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Old 11-19-2014, 02:56 PM   #41
whswhs
 
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Default Re: Reaction Table House Rules

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Originally Posted by vicky_molokh View Post
I wonder what Bill Stoddard would say on this branch of discussion.
I'm afraid I have mostly stopped following this discussion; it's gotten much too long and examines too many details in each post.

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Old 11-19-2014, 04:44 PM   #42
Sindri
 
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Default Re: Reaction Table House Rules

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Originally Posted by vicky_molokh View Post
It's not easy to master all possible tools. But even this sentence looks like it concedes the comparison of Charisma to a tool, which I would rather not. As to the Performer vs. Technician - actually, most artists seem to have a mix of two, but how do you use both simultaneously? A pianist can either play with perfect timing exactly as taught by the music book, or play an inspired improvisation stepping away from the staffbook, or adhere to the book while letting some amount of stepping away from it, and in either case will hope that the music will be good as a result. But a pianist cannot play both perfectly by the book and be completely unchained and carelessly improvisational simultaneously.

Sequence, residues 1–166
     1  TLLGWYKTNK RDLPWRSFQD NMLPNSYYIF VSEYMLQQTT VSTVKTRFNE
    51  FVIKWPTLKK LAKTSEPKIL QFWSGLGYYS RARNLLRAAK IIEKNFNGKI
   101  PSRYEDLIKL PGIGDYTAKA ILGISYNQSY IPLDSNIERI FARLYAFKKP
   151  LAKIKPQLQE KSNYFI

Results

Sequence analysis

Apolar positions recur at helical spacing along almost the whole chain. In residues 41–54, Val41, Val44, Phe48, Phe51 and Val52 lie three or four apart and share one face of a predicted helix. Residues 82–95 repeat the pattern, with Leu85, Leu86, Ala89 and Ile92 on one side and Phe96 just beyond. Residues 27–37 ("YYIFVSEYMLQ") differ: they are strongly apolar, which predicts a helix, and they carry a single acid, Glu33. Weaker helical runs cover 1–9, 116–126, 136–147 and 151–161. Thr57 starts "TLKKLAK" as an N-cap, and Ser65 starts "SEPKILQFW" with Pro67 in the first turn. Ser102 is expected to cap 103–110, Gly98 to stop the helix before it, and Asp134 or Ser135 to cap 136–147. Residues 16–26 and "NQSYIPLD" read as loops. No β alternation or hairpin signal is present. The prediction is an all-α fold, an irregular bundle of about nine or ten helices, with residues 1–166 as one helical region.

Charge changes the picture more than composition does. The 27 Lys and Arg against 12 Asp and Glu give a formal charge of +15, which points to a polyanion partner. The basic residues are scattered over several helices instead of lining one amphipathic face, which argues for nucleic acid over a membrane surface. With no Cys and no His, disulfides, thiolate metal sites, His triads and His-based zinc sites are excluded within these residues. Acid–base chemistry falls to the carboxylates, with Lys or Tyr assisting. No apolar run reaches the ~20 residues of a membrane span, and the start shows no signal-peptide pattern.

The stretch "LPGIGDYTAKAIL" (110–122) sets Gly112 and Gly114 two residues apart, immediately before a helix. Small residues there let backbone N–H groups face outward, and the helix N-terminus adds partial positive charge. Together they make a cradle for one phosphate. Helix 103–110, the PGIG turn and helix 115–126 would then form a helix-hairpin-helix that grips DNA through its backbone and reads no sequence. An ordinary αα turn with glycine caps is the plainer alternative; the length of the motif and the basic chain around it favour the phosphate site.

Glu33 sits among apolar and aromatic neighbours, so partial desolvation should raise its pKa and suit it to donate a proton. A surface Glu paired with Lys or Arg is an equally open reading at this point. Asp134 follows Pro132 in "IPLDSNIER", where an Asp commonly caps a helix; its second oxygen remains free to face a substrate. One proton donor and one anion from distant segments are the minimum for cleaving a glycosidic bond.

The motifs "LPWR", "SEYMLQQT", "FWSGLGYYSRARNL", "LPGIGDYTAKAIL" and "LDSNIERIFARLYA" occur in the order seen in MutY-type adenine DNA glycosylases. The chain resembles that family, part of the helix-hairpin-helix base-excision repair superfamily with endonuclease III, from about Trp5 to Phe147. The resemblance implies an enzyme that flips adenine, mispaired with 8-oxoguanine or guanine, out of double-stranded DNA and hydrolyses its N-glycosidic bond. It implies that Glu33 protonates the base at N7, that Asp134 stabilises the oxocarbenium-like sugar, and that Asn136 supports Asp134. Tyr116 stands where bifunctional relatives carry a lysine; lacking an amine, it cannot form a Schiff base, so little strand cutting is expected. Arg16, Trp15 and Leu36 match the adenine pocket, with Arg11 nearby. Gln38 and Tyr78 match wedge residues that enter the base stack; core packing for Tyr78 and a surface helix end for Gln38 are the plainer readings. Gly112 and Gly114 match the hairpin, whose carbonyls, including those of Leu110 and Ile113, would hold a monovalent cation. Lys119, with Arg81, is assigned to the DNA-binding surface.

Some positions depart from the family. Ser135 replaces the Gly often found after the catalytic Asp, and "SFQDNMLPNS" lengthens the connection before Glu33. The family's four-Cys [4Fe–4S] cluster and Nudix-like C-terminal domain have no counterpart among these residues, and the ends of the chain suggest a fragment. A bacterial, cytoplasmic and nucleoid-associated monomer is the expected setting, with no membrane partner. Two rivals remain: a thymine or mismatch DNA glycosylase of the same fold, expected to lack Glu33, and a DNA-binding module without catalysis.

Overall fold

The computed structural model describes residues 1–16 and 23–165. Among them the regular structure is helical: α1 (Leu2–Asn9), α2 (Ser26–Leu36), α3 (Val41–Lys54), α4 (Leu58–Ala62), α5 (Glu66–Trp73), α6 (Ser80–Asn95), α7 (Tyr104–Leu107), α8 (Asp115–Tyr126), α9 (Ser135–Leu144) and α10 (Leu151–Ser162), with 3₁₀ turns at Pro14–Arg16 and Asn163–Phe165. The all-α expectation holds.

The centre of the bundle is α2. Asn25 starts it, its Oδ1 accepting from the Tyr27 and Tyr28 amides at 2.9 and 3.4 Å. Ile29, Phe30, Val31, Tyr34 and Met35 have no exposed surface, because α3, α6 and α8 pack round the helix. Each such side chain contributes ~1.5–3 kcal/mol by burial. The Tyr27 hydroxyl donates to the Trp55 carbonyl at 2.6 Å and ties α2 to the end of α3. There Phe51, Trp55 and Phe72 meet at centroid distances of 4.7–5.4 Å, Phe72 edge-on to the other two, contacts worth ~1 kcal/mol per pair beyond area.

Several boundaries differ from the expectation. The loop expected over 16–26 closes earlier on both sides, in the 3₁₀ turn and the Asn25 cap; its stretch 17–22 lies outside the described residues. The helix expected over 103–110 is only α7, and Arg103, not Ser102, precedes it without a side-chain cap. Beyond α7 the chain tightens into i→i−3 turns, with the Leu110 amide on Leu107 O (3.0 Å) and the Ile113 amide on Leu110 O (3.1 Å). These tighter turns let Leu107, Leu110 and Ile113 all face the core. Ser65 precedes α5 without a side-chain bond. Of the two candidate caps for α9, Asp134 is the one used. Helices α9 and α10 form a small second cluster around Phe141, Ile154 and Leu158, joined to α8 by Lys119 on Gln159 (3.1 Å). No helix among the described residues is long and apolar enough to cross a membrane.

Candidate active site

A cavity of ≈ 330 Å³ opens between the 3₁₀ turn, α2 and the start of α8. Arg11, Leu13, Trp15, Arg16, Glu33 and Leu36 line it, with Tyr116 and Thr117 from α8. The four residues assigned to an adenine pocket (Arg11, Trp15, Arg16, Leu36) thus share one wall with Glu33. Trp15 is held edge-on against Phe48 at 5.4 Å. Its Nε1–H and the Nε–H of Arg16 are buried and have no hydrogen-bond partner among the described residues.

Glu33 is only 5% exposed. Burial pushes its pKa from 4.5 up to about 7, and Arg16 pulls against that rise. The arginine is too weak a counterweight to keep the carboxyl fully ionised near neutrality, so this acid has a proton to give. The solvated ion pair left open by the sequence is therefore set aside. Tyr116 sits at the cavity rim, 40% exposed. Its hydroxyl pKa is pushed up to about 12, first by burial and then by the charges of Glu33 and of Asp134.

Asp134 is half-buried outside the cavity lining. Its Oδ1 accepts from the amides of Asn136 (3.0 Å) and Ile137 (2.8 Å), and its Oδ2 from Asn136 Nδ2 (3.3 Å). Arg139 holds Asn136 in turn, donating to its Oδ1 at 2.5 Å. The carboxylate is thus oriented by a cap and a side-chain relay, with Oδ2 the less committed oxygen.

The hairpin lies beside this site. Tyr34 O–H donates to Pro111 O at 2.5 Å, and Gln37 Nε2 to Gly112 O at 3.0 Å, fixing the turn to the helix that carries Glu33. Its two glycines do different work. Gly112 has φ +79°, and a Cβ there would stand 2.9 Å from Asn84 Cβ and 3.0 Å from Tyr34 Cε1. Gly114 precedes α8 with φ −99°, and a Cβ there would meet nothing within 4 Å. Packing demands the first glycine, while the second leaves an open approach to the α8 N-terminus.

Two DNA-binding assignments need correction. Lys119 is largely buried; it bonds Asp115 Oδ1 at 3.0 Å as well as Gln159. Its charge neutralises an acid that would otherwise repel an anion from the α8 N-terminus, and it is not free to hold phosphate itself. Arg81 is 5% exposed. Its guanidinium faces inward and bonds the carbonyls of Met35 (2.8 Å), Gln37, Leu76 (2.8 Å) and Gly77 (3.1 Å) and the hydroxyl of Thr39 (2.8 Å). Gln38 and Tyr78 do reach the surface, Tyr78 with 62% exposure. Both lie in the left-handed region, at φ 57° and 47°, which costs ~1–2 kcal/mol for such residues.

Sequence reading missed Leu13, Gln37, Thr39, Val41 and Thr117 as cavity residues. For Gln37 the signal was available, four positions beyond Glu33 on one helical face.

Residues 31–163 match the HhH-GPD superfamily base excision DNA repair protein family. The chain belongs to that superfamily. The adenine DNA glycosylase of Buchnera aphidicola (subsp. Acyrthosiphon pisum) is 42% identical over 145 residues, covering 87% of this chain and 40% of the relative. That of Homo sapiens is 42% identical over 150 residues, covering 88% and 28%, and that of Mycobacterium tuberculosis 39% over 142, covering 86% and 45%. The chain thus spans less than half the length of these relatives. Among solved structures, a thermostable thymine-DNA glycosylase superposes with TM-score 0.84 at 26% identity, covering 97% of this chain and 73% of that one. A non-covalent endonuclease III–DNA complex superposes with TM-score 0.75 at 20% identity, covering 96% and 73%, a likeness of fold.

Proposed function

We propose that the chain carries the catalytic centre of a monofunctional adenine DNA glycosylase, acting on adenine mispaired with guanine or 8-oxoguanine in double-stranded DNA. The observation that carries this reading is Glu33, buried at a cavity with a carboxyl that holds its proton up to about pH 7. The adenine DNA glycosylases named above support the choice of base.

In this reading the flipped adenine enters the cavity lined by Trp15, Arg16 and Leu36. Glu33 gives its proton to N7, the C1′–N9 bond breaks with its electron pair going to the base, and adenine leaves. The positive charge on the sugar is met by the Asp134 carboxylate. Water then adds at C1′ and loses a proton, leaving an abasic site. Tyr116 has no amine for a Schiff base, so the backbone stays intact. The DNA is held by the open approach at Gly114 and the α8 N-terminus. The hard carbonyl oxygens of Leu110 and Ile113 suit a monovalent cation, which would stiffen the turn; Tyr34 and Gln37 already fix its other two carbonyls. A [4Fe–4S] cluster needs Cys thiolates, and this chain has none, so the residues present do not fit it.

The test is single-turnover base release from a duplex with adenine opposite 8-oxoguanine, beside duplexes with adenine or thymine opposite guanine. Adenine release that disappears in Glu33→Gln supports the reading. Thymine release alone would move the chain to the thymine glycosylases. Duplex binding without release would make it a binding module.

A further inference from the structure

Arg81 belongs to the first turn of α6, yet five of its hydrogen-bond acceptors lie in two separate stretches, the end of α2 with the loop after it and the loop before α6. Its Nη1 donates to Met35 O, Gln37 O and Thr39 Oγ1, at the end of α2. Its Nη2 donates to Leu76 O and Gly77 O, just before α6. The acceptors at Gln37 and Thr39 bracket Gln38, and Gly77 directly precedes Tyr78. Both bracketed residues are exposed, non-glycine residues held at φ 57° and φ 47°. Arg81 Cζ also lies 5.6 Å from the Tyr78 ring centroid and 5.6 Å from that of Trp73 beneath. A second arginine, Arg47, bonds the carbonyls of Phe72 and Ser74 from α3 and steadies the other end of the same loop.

Technical skill isn't about perfect replication. It's about producing something that is technically impressive. A Technician without any Performer aspects will be stuck doing that like a Performer without any Technician aspects will be stuck doing inspired but rather technically bland products but someone who's both a Technician and a Performer can produce original works that are also technically impressive.

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Originally Posted by vicky_molokh View Post
More like cultural exposure. A huge, I think overwhelming majority, of people have no idea how they do the social things they do, and thus can't instruct others in it.
Cultures collectively instruct people by exposure. The overwhelming majority of people would find formally instructing someone from a completely foreign culture slow and awkward but a huge amount of people find themselves instructing someone in how to behave socially. Any parent for one thing.

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Originally Posted by vicky_molokh View Post
Interesting. By the definitions of Charisma I've seen, it seems the other way around: many Influence skills are attempts to emulate Charisma / Reactions through a technical means (in the sense of technique, not of material equipment).
That's fundamentally the same thing though. There are social capabilities that are heavily ingrained and as such trip very few people's this-person-is-trying-to-manipulate-me sense and social capabilities that are less ingrained and as such trip it much more easily. Either analyzing the first as an especially well trained version of the second or analyzing the second as a significantly less effective version of the first is legitimate.

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Originally Posted by vicky_molokh View Post